‘Survivance’ is a term coined by Anishinaabe scholar Gerald Vizenor to describe the resistance and resilience of native communities in the face of colonialism and its legacy. In the context of modern Varanasi, a city in northern India with a rich and complex history of cultural exchange and political domination, ‘survivance’ takes on particular significance for the indigenous communities who have long called this region home. Survivance is not just about survival, but about the ability to thrive and maintain cultural and spiritual practices through generations in the face of historical oppression.
Kashi Vasi is a captivating photographic series that delves into the narratives of ‘survivance’ among the indigenous people of Varanasi, navigating the complex interplay between colonialism and the contemporary Varanasi. It is an exploration of the branches of ‘survivance’ in relation to the experiences of indigenous communities in Varanasi, examining the ways in which they have managed to maintain their cultural heritage and identities in the face of centuries of colonization, displacement, and marginalization. By juxtaposing the colonial era with the present, Kashi Vasi invites viewers to reflect on the intergenerational resilience demonstrated by the locals in the face of historical injustices and the ongoing challenges of the modern world. It prompts contemplation on the complexities of identity, the impacts of cultural assimilation, and the power of heritage in fostering a sense of belonging and continuity.
To begin, it is important to recognize that Varanasi has been a site of intense cultural exchange and political conflict for thousands of years. The city, situated on the banks of the Ganges river, has been a centre of Hinduism since ancient times, attracting pilgrims and scholars from across the Indian subcontinent and beyond. However, the arrival of colonial powers in the 18th and 19th centuries brought new forms of domination, leading to the displacement and marginalization of many indigenous communities in the region. The project investigates the authenticity of people, their perspectives, and cultural metaphors of the social space These investigations transform into a representation-oriented practice, drawing attention to ethnic identity and illustrious history.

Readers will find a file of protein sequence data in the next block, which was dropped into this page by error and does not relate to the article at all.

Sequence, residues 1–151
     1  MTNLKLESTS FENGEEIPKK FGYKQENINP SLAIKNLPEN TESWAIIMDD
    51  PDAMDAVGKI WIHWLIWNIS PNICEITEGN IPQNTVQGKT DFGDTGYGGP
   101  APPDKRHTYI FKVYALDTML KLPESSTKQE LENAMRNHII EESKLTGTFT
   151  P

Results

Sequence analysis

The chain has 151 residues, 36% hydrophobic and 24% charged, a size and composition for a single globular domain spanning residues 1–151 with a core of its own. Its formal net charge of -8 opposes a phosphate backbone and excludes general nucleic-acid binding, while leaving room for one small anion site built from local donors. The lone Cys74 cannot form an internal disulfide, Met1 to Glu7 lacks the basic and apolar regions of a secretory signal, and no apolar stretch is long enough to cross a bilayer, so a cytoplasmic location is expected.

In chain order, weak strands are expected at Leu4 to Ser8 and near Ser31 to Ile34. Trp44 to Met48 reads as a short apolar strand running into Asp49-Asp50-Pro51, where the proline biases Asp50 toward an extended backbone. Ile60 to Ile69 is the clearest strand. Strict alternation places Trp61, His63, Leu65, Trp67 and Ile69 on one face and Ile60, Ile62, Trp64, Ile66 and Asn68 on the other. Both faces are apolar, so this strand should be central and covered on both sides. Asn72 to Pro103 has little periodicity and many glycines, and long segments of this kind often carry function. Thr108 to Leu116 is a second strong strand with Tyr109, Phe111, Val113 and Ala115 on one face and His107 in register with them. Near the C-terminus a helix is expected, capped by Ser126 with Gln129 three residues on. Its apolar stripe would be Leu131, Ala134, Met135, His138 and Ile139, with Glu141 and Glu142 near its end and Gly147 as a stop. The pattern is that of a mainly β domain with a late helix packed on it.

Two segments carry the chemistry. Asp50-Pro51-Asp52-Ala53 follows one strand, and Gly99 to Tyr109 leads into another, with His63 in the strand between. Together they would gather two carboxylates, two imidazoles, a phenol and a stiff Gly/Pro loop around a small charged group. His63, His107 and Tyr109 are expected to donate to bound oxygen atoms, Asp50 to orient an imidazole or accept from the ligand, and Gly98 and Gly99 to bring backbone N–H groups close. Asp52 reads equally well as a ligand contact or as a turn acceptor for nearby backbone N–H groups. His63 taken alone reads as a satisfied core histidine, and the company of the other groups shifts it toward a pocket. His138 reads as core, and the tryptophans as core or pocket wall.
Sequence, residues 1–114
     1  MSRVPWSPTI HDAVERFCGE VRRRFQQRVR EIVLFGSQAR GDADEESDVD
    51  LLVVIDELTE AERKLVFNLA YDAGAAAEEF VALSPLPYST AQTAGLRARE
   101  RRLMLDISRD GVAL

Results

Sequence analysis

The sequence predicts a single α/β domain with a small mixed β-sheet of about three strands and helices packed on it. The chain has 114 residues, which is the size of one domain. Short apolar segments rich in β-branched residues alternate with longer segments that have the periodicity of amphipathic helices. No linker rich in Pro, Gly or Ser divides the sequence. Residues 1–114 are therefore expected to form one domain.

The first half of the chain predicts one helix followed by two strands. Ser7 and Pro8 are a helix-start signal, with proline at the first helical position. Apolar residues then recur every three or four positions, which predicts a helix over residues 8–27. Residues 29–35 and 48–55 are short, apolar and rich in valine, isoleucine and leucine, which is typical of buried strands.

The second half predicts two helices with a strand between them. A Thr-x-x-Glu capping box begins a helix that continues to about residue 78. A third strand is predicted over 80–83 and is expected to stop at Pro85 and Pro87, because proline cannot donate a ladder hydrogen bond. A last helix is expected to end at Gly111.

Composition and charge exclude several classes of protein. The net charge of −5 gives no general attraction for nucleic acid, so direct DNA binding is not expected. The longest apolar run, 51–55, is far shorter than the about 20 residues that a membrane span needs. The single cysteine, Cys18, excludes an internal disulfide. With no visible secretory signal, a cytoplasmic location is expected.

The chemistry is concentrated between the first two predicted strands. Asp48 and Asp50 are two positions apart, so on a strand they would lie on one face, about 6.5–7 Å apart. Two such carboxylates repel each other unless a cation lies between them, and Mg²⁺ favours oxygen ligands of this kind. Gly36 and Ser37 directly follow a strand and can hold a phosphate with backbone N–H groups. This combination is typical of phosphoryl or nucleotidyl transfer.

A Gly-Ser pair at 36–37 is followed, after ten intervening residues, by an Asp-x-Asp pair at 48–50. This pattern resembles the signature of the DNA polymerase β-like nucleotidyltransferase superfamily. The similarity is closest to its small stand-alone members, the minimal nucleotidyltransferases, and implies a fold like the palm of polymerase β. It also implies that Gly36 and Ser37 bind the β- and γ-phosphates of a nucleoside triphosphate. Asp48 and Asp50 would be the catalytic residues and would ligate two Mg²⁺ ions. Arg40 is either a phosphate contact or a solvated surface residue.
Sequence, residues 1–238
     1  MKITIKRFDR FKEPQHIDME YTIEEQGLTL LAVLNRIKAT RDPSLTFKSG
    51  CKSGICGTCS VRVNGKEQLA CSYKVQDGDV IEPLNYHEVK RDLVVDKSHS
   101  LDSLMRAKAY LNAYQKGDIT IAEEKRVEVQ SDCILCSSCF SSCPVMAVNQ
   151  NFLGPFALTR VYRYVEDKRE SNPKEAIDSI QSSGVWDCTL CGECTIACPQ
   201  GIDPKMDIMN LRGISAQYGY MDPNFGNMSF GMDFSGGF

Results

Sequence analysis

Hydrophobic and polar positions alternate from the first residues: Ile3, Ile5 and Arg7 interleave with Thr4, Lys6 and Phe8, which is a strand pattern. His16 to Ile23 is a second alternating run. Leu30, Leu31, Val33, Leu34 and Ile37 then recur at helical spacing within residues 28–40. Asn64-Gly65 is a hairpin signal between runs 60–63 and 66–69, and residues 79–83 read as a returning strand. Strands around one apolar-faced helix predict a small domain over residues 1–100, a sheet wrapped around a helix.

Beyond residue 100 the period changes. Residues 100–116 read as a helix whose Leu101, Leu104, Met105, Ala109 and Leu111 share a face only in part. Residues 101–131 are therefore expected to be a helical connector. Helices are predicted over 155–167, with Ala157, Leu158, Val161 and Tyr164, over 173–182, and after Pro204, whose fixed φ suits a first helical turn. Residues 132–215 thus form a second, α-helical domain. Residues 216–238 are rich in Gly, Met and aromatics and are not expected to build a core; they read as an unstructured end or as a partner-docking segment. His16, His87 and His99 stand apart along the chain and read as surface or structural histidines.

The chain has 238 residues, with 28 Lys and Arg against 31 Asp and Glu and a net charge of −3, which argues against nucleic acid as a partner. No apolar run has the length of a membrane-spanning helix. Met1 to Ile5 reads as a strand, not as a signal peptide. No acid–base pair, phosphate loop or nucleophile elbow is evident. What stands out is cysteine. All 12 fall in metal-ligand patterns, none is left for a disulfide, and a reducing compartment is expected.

For the native communities of Varanasi, cultural practices and traditions are not just a means of survival, but they are also a way of affirming their connection to the land, to their ancestors, and to the natural world. These practices are grounded in a deep sense of spirituality and interconnectedness, which is often at odds with materialistic values. The persistence of these cultural practices is a testament to the resilience of indigenous communities and their ability to adapt to changing circumstances while maintaining their core values and beliefs. All the work is shot on analog; a medium format.
Shashank Verma (b. 1994), is a photographer from Dahanu, a small town in western Maharashtra, and his current residence is in the cosmopolitan hub of London. His work is deeply immersed in the exploration of iden- tity, diaspora, and post-colonialism, serving as a compel- ling narrative through visual storytelling.
Verma’s artistic approach is characterized by its diverse and dynamic vocabulary, which effortlessly melds elements from both historical and contemporary contexts. He maintains a perpetual state of evolution, relentlessly pursuing the elusive core of artistic expression. Through his evocative images, Verma showcases a profound connection to his homeland and heritage while displaying an unwavering commitment to his craft. Whether he is wielding the lens in the realm of fashion or documentary photography, Shashank Verma’s work stands as a testament to the deep power of storytelling. His art illuminates the multifaceted dimensions of socio-cultural identity, community and diaspora. In his artistic exploration, he showcases a vivid narrative that transcends the boundaries of time and place, offering a captivating reflection of his diverse influences and a significant artistic vision.
> Family Archives - Letters
The project stems from discovering my grandmother’s letters written to us [family] in Bombay in 1988, especially during festivals. These letters proved to be an early inspiration as they provoked curiosity to reflect, understand the city and examine the geography, locales, and practices of Hindu daily life in the ritual and physical setting of Varanasi, the ‘holy’ city.
They navigate through the history, cultural discourses, and representations of the elements of inheritance among the natives, narrating an interesting relationship with the city.
As I went through the letters, my mother spoke to me about how things were different for her after marriage, highlighting the importance of cultural values and community. The idea of Varanasi and inheritance thus grew parallelly in my head, leading to this project.
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Words Platform Desk
Date October, 2023